There is a straightforward answer: the mission to Pluto was not based on market principles. There were no stockholders. No one made a profit cutting corners on the radio transmitter, or the propulsion system, or the instruments for scanning Pluto’s moons or analyzing its surface. No one placed a speculative bet on the failure of the mission, like the Wall Street criminals who crashed the financial markets in 2008.

The mission to Pluto demonstrates the power of science, but capitalism—above all, in the United States—systematically attacks public education, degrades popular understanding through the media, and promotes every form of religious backwardness. Modern technology can produce astonishing advances like New Horizons, but in the grip of Corporate America it is perverted to the service of the financial aristocracy and global militarism.

Much more is possible. The entire New Horizons mission cost $700 million—less than the cost of a single stealth bomber, and less than what a typical hedge fund boss pockets in a single year. Even in the space budget itself, the US government spends far more for military-related activities, from spy satellites to research on methods of space warfare, than the funding of all genuine scientific efforts combined.

The New Horizons mission mobilized hundreds of scientists and technicians who dedicated the last ten years of their lives, in some cases much more, to the planning, preparation and execution of the visit to Pluto. Compare this to the hundreds of thousands, some equally talented and highly educated, who are recruited to the service of hedge funds, investment banks, spy agencies like the NSA, and the military.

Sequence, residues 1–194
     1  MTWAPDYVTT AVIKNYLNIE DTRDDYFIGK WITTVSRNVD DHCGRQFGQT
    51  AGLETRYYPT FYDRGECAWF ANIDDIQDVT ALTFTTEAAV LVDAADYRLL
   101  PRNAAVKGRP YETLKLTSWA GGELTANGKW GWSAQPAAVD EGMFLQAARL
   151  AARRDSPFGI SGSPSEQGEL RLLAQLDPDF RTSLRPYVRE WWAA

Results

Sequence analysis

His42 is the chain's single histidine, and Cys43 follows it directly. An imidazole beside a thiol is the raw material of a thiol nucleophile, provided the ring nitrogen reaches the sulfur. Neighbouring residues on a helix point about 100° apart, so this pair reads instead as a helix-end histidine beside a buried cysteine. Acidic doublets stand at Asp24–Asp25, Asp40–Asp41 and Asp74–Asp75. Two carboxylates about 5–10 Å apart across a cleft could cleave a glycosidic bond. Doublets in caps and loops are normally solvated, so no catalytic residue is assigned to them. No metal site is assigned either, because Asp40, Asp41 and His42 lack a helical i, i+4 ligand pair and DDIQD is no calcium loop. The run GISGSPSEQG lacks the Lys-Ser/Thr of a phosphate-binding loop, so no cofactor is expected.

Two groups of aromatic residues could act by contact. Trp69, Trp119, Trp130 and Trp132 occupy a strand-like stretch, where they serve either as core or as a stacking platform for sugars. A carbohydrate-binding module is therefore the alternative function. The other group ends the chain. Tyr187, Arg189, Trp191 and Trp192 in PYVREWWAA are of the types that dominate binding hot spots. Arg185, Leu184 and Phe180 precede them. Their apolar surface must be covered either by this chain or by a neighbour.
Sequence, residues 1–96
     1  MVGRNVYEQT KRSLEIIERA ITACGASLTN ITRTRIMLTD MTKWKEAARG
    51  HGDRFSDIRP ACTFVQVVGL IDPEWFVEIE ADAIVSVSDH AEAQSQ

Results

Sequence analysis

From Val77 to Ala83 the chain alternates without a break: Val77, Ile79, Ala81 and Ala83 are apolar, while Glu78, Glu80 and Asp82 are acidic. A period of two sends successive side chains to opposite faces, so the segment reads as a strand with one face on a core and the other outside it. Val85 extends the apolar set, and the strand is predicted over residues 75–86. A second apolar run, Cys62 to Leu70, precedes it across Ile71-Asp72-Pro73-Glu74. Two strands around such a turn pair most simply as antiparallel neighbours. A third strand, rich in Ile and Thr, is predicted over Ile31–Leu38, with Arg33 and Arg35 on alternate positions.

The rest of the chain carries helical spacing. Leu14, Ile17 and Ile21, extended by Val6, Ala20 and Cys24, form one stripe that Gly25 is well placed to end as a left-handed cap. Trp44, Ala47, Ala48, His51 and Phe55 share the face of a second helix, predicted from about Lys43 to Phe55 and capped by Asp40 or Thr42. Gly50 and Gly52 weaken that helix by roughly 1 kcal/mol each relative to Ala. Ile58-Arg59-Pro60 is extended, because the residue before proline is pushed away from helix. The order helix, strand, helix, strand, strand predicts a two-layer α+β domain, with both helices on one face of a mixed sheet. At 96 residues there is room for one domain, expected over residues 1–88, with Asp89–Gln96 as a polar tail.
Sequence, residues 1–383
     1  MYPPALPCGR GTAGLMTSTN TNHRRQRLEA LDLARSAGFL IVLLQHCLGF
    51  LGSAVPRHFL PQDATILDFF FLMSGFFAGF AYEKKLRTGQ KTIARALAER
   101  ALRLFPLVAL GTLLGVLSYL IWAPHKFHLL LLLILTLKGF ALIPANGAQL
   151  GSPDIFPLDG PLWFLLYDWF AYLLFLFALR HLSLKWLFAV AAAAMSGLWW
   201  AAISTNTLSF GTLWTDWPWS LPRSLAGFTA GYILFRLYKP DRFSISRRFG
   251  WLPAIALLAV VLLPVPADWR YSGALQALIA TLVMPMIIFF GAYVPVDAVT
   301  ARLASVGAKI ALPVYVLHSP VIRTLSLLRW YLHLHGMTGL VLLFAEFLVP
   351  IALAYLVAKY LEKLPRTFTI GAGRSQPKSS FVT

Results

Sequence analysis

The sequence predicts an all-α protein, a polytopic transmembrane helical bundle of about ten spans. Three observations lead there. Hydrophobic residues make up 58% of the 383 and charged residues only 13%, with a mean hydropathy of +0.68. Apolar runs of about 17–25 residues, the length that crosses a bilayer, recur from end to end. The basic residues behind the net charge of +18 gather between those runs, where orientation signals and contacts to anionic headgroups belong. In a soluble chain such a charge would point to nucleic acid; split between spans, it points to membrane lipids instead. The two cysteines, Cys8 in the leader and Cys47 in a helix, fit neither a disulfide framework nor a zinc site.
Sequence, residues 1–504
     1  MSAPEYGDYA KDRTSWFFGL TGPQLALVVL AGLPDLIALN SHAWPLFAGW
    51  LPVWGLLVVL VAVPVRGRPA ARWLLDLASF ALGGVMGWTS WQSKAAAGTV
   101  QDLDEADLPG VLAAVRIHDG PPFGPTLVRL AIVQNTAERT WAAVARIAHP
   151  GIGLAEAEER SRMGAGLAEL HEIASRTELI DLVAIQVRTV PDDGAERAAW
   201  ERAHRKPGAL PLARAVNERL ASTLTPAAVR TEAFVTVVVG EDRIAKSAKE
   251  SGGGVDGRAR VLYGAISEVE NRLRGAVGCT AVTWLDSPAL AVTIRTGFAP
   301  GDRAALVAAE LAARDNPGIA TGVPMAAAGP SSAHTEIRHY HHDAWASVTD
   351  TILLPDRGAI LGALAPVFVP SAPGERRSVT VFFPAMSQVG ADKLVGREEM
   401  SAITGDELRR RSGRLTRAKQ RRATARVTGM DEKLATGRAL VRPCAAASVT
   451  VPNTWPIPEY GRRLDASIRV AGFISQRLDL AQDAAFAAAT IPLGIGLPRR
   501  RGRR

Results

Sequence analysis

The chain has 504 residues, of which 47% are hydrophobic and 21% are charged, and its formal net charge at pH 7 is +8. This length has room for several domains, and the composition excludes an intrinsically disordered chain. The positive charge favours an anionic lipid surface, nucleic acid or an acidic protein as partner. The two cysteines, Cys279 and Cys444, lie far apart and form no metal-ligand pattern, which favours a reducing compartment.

After the successful flyby, there were attempts by spokesmen for American imperialism, from President Obama on down, to claim a nationalistic dividend, hyping supposed “American genius.” NASA spokesman David Weaver boasted, “With this mission we will have visited every planet and dwarf planet in our solar system, a remarkable accomplishment that no other nation can match.”

Such chauvinism is both disgusting and delusional. Science is an international collective effort. The successes of the “American” space program depend on generations of scientific work, on every continent. Moreover, despite the tub-thumping, the US space program manifests the underlying crisis and decline of American capitalism.

Before New Horizons, a half dozen other Pluto missions were scrapped because they offered no obvious military-technical payoff. New Horizons itself was underfunded, and even now, NASA cannot guarantee the resources needed for secondary missions in the Kuiper Belt, after Pluto, although no other spacecraft will have that opportunity for many years, if not decades. Meanwhile, the manned space program is at a standstill, dependent on Russian launch vehicles even to maintain the International Space Station.

The immense capacity for scientific achievement and technological progress is continually perverted by imperialist slaughter, the conflict between nation-states and the subordination of human activity to the profit principle. How much more can and will be achieved, both in space and on Earth, when war and inequality are abolished, along with the capitalist system!

Patrick Martin